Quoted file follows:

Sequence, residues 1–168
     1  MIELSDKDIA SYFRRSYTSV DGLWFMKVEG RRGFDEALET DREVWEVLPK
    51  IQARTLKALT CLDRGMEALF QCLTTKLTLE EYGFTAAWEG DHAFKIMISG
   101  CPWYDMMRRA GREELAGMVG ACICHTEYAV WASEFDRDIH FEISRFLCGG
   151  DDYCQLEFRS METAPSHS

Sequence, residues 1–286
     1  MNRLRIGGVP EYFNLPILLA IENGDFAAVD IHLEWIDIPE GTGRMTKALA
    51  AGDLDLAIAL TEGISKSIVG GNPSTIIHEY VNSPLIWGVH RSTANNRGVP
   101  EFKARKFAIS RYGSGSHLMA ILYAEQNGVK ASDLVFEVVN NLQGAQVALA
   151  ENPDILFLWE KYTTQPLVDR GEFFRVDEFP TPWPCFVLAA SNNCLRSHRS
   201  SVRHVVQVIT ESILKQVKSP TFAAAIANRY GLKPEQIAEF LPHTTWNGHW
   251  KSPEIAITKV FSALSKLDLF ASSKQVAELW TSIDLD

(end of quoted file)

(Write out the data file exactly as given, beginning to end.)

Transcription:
Sequence, residues 1–168
     1  MIELSDKDIA SYFRRSYTSV DGLWFMKVEG RRGFDEALET DREVWEVLPK
    51  IQARTLKALT CLDRGMEALF QCLTTKLTLE EYGFTAAWEG DHAFKIMISG
   101  CPWYDMMRRA GREELAGMVG ACICHTEYAV WASEFDRDIH FEISRFLCGG
   151  DDYCQLEFRS METAPSHS

Sequence, residues 1–286
     1  MNRLRIGGVP EYFNLPILLA IENGDFAAVD IHLEWIDIPE GTGRMTKALA
    51  AGDLDLAIAL TEGISKSIVG GNPSTIIHEY VNSPLIWGVH RSTANNRGVP
   101  EFKARKFAIS RYGSGSHLMA ILYAEQNGVK ASDLVFEVVN NLQGAQVALA
   151  ENPDILFLWE KYTTQPLVDR GEFFRVDEFP TPWPCFVLAA SNNCLRSHRS
   201  SVRHVVQVIT ESILKQVKSP TFAAAIANRY GLKPEQIAEF LPHTTWNGHW
   251  KSPEIAITKV FSALSKLDLF ASSKQVAELW TSIDLD